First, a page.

Reptiles to Avoid as Pets for Children
Though you may think the information is intended to steer you away from purchasing reptiles for older children, that isn't true. Reptiles can be more difficult to care for than some other pets, but it can be done if you put in the time and effort, and they are fascinating and rewarding family pets. However, not all reptiles are suitable for children. The following is a list of reptiles that we recommend you avoid:
Chelonians (turtles and tortoises)
The reasons why these are not good pets for children vary. Some are too small and would be easily injured. Some are way too large for children to even pick up, let alone interact with. Some just require an entirely too complicated setup for you and your children to maintain properly. Amphibians and chelonians should not be handled very much or at all, and therefore tend to quickly become uninteresting for children.
Good Reptiles for Older Children
Though the list of reptiles to avoid is long, there are some reptiles that make great pets for families with older children. They include:
Ball Pythons (captive bred only)
All of these reptiles are suitable for family pets that children can help to care for.
Considerations when Choosing a Reptile
Which reptile you choose as your family pet will depend on a variety of different factors. You should consider each factor carefully to determine what reptile will fit in best with your family and your lifestyle. For example, if you have older children that prefer to interact directly with their pets, look for a reptile that either tolerates or likes being handled.
Other considerations include:
Is it an herbivore, a carnivore, or an omnivore? (Omnivores and carnivores are generally easier to feed.)
If the reptile needs to eat live feeder insects, are you going to be able to handle that?
If it eats pre-killed frozen prey, are you going to be squeamish about feeding one animal to another?
Larger reptiles are not easy or safe for children of any age to handle and they will most likely need a larger living area than you can give them.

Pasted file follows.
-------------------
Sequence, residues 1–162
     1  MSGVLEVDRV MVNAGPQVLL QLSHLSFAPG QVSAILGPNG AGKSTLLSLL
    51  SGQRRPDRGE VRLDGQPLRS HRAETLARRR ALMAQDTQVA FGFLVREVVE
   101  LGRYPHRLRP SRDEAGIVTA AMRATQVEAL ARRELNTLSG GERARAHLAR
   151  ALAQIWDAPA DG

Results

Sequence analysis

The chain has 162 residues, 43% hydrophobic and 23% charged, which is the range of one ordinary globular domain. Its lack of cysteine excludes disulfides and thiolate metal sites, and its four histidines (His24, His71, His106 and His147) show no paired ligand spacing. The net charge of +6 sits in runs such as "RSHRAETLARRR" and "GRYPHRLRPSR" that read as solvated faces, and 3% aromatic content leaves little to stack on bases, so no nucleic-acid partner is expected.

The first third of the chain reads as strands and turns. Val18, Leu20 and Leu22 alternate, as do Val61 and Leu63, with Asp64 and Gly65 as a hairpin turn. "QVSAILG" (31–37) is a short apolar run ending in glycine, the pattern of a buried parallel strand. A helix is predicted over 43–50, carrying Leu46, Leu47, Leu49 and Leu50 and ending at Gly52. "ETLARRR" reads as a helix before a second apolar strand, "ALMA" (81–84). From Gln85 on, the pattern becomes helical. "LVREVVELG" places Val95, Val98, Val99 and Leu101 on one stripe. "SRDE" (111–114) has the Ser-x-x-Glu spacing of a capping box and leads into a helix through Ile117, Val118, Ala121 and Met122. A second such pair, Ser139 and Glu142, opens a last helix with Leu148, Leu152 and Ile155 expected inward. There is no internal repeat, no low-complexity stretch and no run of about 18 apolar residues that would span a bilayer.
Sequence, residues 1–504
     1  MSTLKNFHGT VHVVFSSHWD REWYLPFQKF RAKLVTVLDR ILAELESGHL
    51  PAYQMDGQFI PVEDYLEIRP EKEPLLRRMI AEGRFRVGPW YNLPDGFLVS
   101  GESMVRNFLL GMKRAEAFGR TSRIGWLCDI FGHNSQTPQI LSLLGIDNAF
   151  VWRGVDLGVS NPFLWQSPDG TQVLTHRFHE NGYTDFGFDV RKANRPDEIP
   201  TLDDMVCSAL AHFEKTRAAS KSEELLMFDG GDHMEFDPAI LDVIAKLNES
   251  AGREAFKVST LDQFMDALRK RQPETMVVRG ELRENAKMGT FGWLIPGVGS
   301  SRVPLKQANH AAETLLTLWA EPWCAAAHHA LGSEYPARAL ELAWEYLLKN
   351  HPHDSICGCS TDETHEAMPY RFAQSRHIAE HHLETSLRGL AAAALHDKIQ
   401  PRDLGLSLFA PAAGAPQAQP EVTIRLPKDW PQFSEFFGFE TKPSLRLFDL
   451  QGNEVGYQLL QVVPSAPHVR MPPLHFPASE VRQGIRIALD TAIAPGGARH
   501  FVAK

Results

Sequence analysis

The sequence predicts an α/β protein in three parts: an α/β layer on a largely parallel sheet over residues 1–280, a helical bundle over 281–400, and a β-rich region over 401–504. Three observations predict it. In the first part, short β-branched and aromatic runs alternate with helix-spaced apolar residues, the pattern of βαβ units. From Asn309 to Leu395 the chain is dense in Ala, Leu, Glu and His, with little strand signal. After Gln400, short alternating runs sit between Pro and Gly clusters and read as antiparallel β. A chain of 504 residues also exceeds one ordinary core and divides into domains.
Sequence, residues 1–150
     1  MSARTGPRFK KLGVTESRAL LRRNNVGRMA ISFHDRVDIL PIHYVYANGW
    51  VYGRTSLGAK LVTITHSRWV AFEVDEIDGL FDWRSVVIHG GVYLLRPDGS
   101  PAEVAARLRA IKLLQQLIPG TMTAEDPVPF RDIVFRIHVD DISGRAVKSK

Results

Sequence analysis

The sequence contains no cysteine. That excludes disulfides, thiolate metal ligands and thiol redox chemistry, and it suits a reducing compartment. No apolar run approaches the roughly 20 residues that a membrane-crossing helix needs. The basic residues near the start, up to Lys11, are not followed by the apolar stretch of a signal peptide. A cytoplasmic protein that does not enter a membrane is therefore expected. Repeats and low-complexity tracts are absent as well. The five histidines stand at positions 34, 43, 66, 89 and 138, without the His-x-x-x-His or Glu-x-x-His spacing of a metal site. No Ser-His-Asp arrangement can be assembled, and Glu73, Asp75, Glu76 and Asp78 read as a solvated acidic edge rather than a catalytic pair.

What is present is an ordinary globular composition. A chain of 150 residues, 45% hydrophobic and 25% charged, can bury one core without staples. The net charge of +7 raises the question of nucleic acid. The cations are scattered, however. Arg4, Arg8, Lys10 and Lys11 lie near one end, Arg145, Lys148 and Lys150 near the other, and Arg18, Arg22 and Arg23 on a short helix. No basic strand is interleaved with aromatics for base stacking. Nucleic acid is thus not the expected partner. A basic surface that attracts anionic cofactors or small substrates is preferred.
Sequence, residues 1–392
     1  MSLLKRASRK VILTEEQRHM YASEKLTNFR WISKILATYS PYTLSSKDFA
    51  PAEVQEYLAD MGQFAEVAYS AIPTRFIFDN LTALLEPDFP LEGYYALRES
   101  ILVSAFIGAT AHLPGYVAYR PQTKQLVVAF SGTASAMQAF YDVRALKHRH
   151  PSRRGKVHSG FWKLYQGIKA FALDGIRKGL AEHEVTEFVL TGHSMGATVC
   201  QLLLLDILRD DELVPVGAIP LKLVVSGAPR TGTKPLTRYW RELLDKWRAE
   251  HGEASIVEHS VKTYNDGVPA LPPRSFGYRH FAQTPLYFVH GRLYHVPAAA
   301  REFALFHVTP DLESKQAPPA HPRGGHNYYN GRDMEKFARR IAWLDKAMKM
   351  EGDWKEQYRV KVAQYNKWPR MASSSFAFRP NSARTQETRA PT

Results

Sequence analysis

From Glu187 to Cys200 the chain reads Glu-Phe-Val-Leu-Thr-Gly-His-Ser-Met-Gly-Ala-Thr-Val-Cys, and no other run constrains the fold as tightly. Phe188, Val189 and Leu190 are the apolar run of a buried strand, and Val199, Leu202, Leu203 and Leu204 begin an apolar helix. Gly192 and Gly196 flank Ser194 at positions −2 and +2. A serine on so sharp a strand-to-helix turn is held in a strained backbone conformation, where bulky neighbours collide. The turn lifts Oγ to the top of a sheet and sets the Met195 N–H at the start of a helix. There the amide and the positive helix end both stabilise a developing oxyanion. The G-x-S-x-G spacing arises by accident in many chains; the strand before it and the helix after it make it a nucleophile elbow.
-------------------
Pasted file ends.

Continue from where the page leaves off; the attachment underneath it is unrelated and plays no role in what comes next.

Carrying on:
Smaller reptiles will be difficult for your children to handle, and they could easily get injured if your child dropped them or held them too firmly.
Is the reptile from a temperate climate that has similar conditions to where you live?
Is it a desert, tropical, or montane species that will require extreme temperatures and humidity levels?
Familiarity with species
Has the reptile been available to the public long enough that it is captive bred, or is it available only as a wild caught animal? (Captive bred is always preferred.)
Is it common enough that you will be able to find a veterinarian experienced in caring for that species?
Is it easy to find information regarding its care, or is the species so obscure as to make it difficult to find any help?
If you have decided to purchase a reptile for your family, there are certain safety tips you need to know about.
Spend time taming and handling (some reptiles/amphibians should not be handled) the reptile before allowing your older children to have direct interaction with it. This is as much for the safety of the reptile as it is for your child. A child startled by being scratched may drop or throw a reptile out of fright.
Teach your child not to kiss the reptile or share food with it to prevent the spread of Salmonella.
Instruct your child about the importance of thoroughly washing her hands after touching the reptile or anything in its enclosure.
Always supervise your child with the reptile, both for her safety and the safety of the reptile.
Put a latch with a childproof lock on the enclosure to prevent your child from taking the reptile out when you are not there to supervise.
Never allow children under 5 years of age to handle reptiles.
Teach your child the correct way to handle, hold, or pet your reptile.
Watching children interact safely and positively with reptiles can be a very rewarding experience. In addition to combating negative stereotypes about reptiles as pets, it can also teach your children about the responsibility of pet ownership. As long as a parent is the primary caretaker, reptiles can make great pets for families with older children.